So we have a new plan.  And I am so excited to share this with you.  First, I need to fill you in on Naranjal.  We have a long-standing relationship with the people of Naranjal.  We decided to open our final community library there.  I worked during the summer months with the children at that location.  It was a very short time, during a very wet rainy season.  Only 4-6 kids came to the events, but I pray that over time that program will grow more and more.

Now for the brand new part!  We are collaborating with three different public schools this first year to try a new method in promoting reading comprehension in the lives of these students.  We are targeting just the third grade classes.  I know from my experience as a teacher and my time here, that the key to making this a success is equipping the teachers.  We had such a problem with finding a volunteer base in those community settings.  Why not go to the places where people are passionate about the kids and already trying to teach them?  So that is exactly what we have done.  The staff at these schools are thrilled to have the extra help and staff development opportunity.  Here is how it is all going down:

  1. Alfredo and I met with the staff at all three of the locations.  They have listened to the plan, know what is expected from them, and have signed a formal agreement stating that they are on board.
  2. Alfredo and I made a visit to the classes the last Monday in March in order to have the kids evaluated at the beginning of the program.  I am hoping that this assessment coupled with an end-of-the-year assessment will show positive results.
  3. I am planning the first meeting for the teachers where I will begin to share my knowledge on the subject of reading comprehension strategies.  It is my hope that we will meet once a month to discuss how it goes in the classes.  I am excited to build these relationships with the teachers involved.
  4. I will make visits to the classes once a month to do an example lesson using the different strategies.  We will also provide the classes with a start-up school library (if you have donated books in the past, they will either be found in Naranjal or these schools.  And don't hesitate to send more!)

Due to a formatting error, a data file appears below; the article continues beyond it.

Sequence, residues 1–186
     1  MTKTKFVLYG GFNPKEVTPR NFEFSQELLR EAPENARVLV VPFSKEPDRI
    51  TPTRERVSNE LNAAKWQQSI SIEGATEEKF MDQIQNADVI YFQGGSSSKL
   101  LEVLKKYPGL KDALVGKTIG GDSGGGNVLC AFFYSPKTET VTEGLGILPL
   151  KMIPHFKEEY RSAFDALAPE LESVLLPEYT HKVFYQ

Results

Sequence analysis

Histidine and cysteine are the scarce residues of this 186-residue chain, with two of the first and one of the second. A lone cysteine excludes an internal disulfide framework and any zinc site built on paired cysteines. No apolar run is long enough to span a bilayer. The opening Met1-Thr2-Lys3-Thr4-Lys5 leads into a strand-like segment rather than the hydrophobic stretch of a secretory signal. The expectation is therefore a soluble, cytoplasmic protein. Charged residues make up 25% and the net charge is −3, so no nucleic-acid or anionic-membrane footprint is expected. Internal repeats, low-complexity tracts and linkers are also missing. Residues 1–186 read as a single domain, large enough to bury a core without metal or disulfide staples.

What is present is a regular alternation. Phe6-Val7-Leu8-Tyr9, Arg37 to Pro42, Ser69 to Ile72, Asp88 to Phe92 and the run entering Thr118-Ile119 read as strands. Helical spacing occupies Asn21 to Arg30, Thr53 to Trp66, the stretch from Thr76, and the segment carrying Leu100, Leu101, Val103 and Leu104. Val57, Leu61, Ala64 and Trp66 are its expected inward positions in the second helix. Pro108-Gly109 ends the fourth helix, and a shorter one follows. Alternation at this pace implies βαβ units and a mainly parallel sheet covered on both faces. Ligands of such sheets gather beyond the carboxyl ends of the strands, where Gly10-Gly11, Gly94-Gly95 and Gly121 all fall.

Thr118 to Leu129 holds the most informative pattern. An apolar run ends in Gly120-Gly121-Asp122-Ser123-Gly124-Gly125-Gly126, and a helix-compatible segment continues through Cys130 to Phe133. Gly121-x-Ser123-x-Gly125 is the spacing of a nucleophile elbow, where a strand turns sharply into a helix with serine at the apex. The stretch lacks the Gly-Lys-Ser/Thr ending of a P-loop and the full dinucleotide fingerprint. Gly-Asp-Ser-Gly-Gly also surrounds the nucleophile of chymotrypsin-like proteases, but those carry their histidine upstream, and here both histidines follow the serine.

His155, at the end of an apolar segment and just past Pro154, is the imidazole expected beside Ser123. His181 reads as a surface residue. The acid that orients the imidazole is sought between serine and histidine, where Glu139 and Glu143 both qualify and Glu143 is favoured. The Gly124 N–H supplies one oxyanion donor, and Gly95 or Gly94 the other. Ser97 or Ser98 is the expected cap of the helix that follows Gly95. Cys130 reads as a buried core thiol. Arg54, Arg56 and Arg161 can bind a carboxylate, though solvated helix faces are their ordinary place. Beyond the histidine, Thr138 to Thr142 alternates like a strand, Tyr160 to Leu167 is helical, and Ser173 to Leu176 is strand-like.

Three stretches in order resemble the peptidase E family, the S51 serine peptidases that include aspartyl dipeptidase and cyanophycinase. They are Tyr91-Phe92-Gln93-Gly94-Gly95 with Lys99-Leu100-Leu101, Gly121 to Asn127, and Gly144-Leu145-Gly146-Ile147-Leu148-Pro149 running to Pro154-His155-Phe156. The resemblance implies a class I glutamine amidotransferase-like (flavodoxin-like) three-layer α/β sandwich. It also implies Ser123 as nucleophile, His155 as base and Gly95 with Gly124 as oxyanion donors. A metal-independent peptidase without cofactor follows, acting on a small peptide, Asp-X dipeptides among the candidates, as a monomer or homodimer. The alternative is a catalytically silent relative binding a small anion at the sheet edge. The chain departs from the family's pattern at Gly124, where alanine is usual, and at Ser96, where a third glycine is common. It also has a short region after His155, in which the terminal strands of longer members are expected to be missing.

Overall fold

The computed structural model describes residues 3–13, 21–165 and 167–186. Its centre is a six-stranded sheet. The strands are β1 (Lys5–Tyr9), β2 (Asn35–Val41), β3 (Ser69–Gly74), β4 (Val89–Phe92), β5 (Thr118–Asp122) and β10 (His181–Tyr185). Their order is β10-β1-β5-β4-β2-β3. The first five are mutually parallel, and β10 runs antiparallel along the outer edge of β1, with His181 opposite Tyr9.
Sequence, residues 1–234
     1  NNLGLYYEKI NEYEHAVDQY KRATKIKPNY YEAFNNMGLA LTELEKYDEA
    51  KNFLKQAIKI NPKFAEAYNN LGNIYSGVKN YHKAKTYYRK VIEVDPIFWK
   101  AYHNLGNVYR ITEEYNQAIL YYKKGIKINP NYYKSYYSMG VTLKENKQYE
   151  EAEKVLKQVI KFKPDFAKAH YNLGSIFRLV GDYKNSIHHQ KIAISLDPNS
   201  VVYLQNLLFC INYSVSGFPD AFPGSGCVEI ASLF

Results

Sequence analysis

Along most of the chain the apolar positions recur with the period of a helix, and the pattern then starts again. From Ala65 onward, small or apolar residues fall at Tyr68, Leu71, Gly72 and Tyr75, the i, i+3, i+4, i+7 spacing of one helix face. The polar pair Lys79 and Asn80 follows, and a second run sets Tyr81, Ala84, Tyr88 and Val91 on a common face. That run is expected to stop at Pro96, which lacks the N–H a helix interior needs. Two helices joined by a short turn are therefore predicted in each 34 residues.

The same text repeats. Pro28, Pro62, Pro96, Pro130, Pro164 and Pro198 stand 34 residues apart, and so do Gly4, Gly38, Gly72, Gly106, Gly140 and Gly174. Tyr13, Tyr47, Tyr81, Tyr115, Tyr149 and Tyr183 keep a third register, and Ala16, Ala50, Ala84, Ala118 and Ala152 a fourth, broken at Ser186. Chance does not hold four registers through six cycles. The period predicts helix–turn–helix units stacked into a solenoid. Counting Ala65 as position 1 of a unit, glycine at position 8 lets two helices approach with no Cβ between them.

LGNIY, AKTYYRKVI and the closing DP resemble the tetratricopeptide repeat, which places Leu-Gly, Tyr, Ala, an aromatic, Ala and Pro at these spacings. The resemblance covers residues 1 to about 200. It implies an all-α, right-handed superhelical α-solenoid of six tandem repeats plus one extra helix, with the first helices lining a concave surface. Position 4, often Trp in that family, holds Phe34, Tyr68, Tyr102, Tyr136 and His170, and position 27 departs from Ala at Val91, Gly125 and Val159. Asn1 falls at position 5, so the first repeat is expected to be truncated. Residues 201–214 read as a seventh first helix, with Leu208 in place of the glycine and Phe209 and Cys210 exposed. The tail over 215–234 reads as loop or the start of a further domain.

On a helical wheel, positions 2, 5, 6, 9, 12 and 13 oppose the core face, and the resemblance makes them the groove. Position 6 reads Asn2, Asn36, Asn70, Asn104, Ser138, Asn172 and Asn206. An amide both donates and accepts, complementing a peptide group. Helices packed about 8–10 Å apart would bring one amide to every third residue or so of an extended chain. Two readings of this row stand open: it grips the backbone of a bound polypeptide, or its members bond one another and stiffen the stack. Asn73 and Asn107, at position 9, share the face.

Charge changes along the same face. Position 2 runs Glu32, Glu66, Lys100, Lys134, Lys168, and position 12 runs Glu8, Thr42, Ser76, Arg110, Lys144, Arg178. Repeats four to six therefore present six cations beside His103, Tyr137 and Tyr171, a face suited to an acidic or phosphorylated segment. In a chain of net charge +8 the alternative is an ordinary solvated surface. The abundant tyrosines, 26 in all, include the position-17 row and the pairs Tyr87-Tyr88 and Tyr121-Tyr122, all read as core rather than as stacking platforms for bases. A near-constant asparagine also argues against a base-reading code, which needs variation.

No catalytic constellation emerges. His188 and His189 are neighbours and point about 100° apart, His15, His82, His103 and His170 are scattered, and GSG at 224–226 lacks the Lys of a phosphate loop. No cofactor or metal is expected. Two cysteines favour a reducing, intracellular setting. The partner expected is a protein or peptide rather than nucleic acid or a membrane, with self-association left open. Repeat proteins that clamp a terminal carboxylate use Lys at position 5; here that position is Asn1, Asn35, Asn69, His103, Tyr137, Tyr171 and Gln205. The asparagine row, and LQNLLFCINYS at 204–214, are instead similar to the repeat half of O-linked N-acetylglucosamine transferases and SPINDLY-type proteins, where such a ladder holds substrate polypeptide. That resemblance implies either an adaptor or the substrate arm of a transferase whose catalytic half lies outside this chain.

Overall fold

5. Our plan is to incentivize the students that perform well in the program half way through the year and then end of the year.

A couple of stories I would like to share with you that happened this past Monday:

I walked into the all-boys school class, and a little boy shouted, "Profesora!" (which means "teacher" in Spanish).  It was a little boy, Joel, that came to our library location in Porvenir.  I also ran into one of our girls in the all-girls school.  It is such a blessing, and affirmation from God, that we will still be serving the same children that could have come to that community library location.

In one of my assessments with a third-grade boy, I could tell he was one of the sharper ones.  His reading fluency was excellent, he answered every reading comprehension question with ease.  I got to a question, "What is your favorite book?"  He told me that he didn't have one, shrugging his shoulders.  I asked, "But do you like to read?"  He looked up at me, "Yes.  But I don't have any books to read.  That is why I can't tell you my favorite."

That, supporters, is a huge reason you are making a difference here.  It is my hope that we can make an improvement in reading comprehension, but something simpler than that is to make it easier for these children to have free access to books.  It is my prayer that they will discover a world of knowledge through this program and the stories that they will have access to read.